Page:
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This Dutch Innovation May Solve The Energy Storage Problem

This Dutch Innovation May Solve The Energy Storage Problem

A few weeks ago I attended a small, commercial, energy storage conference in Brussels organized by Energywise where I heard a most intriguing talk on building a large pumped storage hydro scheme in Holland.

The talk was delivered by Dr. Jan Huynen, the president of SOGECOM who struck me as being a very serious energy engineer. The project is nearing fruition, with a €1.8 billion price tag and 1.4 GW of supply for 6 hours yielding 8 GWh per daily cycle, this is no toy. Holland is of course totally flat!

Is this just another Green pipe dream? Or does it offer a solution to the apparently intractable problem of energy storage?

There is of course nothing new about pumped storage hydro. But all existing schemes use natural relief and elevation to create the head required to store gravitational potential energy that creates pressure and power. What makes Flat-land Large-scale Electricity Storage (FLES) unique is that the whole system is located underground (Figure 1). This of course adds cost but also, as we shall see, it offers substantial benefits.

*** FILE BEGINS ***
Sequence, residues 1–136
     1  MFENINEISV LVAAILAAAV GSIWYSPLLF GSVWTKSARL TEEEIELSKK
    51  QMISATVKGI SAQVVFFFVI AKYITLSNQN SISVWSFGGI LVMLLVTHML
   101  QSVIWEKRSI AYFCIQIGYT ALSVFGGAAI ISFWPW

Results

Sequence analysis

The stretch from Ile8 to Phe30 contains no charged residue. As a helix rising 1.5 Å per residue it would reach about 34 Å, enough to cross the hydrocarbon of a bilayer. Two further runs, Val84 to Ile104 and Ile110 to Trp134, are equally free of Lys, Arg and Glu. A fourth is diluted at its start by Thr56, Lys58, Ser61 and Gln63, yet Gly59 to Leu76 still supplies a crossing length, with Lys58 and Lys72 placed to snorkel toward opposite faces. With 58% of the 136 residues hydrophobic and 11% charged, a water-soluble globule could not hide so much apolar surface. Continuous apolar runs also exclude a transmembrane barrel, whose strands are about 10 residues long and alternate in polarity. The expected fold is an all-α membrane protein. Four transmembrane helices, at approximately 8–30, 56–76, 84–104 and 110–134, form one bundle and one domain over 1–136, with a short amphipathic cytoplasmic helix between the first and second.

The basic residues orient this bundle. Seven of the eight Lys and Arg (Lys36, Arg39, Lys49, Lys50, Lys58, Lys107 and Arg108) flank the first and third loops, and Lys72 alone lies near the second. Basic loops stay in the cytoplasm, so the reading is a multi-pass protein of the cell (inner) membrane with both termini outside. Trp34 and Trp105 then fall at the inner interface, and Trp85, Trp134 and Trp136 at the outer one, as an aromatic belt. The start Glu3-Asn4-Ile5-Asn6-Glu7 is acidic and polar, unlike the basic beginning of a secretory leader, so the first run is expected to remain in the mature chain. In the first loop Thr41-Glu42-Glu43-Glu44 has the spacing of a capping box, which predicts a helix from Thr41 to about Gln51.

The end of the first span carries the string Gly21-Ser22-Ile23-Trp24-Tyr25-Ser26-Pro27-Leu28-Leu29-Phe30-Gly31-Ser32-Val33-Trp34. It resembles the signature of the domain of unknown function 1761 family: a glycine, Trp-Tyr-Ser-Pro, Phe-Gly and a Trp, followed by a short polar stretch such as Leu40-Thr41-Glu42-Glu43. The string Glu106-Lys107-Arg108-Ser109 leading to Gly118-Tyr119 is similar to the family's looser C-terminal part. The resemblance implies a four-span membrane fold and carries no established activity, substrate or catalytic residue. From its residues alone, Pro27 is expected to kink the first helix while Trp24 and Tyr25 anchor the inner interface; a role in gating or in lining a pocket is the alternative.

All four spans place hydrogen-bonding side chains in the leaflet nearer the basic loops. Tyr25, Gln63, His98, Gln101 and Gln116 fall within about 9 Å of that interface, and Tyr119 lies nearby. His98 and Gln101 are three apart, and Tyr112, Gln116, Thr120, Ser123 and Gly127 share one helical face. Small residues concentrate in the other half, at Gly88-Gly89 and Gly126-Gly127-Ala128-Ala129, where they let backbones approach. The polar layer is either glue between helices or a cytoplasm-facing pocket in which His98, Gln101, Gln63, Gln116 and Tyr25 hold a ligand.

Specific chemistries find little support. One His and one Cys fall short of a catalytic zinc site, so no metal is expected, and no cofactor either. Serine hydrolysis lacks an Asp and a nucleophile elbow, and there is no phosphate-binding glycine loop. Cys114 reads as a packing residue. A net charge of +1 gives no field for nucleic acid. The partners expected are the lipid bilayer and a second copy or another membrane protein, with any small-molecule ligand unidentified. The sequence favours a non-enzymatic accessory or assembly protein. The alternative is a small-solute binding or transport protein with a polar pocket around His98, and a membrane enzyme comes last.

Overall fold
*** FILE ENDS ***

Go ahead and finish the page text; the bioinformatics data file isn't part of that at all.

Figure 1 FLES employs a small surface reservoir and deep lower reservoir with all tunnels, pipes and generating kit below the surface [1].

Why Energy Storage?

Electricity demand in advanced societies follows a very specific and precise pattern that mirrors human and societal behavior. Demand is always higher during the day than at night when most people are asleep. It is higher in winter when we spend more time indoors keeping warm. It is higher during the week when the wheels of commerce are more active. (Figure 2) The demand pattern may vary from country to country.

Figure 2 The very specific cyclical pattern of electricity demand reflects individual and societal adaptation to using the energy stores of fossil fuels and uranium in electricity production. Using energy stores has resulted in a very well ordered society that is not equipped to use the intermittent energy flows from renewable energy sources.

Society has evolved in this way because we had access to energy stores, namely fossil fuels and uranium. We can release energy from those stores at a rate that matches demand exactly. Related: Expect The Recent Oil Rally To End Badly If OPEC Doesn’t Cut

It has now been decreed by the majority of OECD governments and organizations that we must abandon this system upon which our civilization was built to use instead stochastic energy flows from renewable energy sources. This decree is based upon multiple layers of deception. But whether we like it or not, we now have significant and growing amounts of renewable energy flows on our electricity grids that threaten their integrity and our prosperity. The only way to convert third class energy flows into first class energy stores is to somehow store renewable electricity for use when we want to use it. As we have seen in recent posts, the scale of this challenge is formidable [2, 3, 4, 5, 6].